Employees spray sanitizer on items at a store in Pyongyang. | KCNA / KNS / VIA AFP-JIJI
Employees spray sanitizer on items at a store in Pyongyang. | KCNA / KNS / VIA AFP-JIJI

North Korea’s stability is not only a concern for its immediate neighbors, but the wider world since a turbulent leadership change would raise new questions about who controls a nuclear bomb stockpile that could grow to 100 warheads by year end. No matter who’s in charge, North Korean leaders have strong incentives to preserve the regime, and Kim’s strategy of seeking sanctions relief from U.S. President Donald Trump by building a more dangerous nuclear arsenal.

Greater insight may come around Oct. 10, when the ruling Workers’ Party of Korea is expected to celebrate its 75th anniversary. Footage from those events, which analysis of satellite photos suggests will probably include the regime’s first military parade since 2018, should provide a fresh chance to evaluate Kim’s strategy and his relationship with top officials including his sister.

As usual, North Korea’s propaganda machine has said nothing about Kim’s health or succession plans. The coronavirus has further cut the flow of intelligence out of the country, with North Korea slashing traffic across the Chinese border and curbing movements of diplomats posted in Pyongyang.

Some of the few foreign diplomats and nongovernmental organization workers who live in Pyongyang are leaving, with Swedish embassy staff among the latest to depart. Kim told a party meeting earlier this month that he wouldn’t accept international handouts due to worries of spreading the virus.

One of the most powerful storms to hit North Korea in years is set to make things even more difficult for Kim. Typhoon Bavi, packing torrential rains and maximum sustained winds of 148 kilometers per hour (92 miles per hour), was expected to make landfall in North Korea on Thursday, with Kim warning this week the storm could cause a loss of life and wipe out crops.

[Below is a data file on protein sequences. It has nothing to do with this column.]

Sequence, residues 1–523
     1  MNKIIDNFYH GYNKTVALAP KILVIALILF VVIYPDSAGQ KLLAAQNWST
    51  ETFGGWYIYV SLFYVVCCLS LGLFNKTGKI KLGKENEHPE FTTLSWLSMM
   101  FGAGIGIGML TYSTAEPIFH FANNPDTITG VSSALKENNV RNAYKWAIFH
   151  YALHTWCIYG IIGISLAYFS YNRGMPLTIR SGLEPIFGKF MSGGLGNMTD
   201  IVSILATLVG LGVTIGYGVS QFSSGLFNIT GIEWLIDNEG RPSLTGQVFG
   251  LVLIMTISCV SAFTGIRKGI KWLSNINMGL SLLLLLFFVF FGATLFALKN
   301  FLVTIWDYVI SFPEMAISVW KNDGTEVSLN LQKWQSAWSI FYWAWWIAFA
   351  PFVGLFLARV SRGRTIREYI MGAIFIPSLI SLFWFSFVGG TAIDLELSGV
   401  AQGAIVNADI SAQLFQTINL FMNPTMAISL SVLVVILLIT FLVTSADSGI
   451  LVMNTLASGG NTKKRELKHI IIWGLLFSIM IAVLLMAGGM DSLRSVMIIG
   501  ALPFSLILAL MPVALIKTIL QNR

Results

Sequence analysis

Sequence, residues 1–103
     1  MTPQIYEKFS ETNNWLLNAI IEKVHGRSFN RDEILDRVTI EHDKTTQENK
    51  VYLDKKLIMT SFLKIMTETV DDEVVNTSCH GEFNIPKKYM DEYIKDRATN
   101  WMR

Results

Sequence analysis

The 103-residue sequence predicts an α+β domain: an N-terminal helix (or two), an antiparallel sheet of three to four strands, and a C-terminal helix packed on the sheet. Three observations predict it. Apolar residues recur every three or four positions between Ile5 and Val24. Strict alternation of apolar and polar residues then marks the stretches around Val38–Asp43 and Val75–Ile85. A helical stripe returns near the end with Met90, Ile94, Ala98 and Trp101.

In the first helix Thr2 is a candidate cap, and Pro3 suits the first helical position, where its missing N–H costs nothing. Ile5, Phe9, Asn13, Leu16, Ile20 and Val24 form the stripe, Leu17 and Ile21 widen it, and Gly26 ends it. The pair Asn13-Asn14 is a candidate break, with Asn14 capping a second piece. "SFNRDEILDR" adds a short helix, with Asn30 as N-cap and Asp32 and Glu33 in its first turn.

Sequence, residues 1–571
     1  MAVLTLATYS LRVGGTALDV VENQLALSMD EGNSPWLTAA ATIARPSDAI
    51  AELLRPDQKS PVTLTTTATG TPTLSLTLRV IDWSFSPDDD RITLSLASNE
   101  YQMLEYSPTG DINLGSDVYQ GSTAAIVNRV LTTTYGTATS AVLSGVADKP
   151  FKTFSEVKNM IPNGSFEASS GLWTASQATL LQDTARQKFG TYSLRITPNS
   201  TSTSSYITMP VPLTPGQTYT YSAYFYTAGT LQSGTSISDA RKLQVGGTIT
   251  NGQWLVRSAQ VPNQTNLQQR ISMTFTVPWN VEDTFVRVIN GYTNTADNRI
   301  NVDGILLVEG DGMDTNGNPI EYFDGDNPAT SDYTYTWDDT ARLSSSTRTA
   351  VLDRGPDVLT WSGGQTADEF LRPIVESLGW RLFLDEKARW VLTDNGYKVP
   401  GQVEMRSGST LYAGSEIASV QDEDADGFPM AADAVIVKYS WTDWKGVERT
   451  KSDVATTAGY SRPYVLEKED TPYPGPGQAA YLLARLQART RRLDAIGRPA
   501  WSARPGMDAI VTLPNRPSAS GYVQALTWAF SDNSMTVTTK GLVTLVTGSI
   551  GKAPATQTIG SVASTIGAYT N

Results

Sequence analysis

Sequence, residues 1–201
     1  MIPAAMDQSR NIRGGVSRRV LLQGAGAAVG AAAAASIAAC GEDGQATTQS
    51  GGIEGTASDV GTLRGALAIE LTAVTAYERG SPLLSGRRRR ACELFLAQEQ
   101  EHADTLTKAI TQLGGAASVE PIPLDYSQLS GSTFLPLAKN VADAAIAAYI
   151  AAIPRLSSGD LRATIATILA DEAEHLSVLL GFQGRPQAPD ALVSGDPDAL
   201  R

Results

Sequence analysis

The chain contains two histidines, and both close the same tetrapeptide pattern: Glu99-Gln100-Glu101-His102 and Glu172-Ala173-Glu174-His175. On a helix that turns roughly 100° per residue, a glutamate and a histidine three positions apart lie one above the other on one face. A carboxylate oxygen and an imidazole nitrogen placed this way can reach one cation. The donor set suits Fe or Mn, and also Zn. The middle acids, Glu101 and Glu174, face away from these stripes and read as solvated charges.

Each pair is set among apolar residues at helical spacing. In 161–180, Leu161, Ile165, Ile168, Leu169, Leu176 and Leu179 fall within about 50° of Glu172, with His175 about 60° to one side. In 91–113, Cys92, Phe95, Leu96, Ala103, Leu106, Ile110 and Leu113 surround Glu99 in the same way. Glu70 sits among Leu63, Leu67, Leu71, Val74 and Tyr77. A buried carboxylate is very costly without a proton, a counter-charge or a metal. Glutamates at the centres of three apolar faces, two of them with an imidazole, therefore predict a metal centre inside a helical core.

Kim may also be preoccupied with the economic damage wrought by U.S. sanctions and severe flooding, as well as the pandemic. North Korea is on track for its biggest contraction since the 1990s, when Kim’s father, Kim Jong Il, faced a devastating famine, according to Fitch Solutions.

“The economic struggle is already damaging Kim’s authority,” said Boo Seung-chan, a former adviser to South Korea’s defense minister who’s now an adjunct professor at the Yonsei Institute for North Korean Studies. “Kim may need to share that authority with expert groups to better handle the crisis while minimizing damage to himself.”

Economic issues have certainly dominated Kim’s recent public statements, including his decision earlier this month to replace former Premier Kim Jae Ryong after little more than a year in the job. He also announced plans to hold the first Workers’ Party congress in five years in January to update the country’s national development blueprint.

The timing of the party congress could provide Kim a convenient platform to deliver a fresh message to the U.S. before the next presidential inauguration on Jan. 20. While it’s unclear whether Trump can break the stalemate with North Korea if he wins a second term, Democratic nominee Joe Biden has signaled a different approach, criticizing the president’s emphasis on a personal rapport with Kim.

Rachel Minyoung Lee, a former analyst for the U.S. government specializing in North Korea, said that Kim Yo Jong alluded to concern about a change in U.S. leadership in an earlier statement about the need for good relations for the two countries, as well as their leaders.

“I am surprised that he has not started taking steps to escalate tensions in the lead-up to showing off the ‘new strategic weapon,’” Lee said. “Part of this could be that Pyongyang is weighing its options before the U.S. presidential election, but the main reason seems to be that it remains fettered by domestic issues.”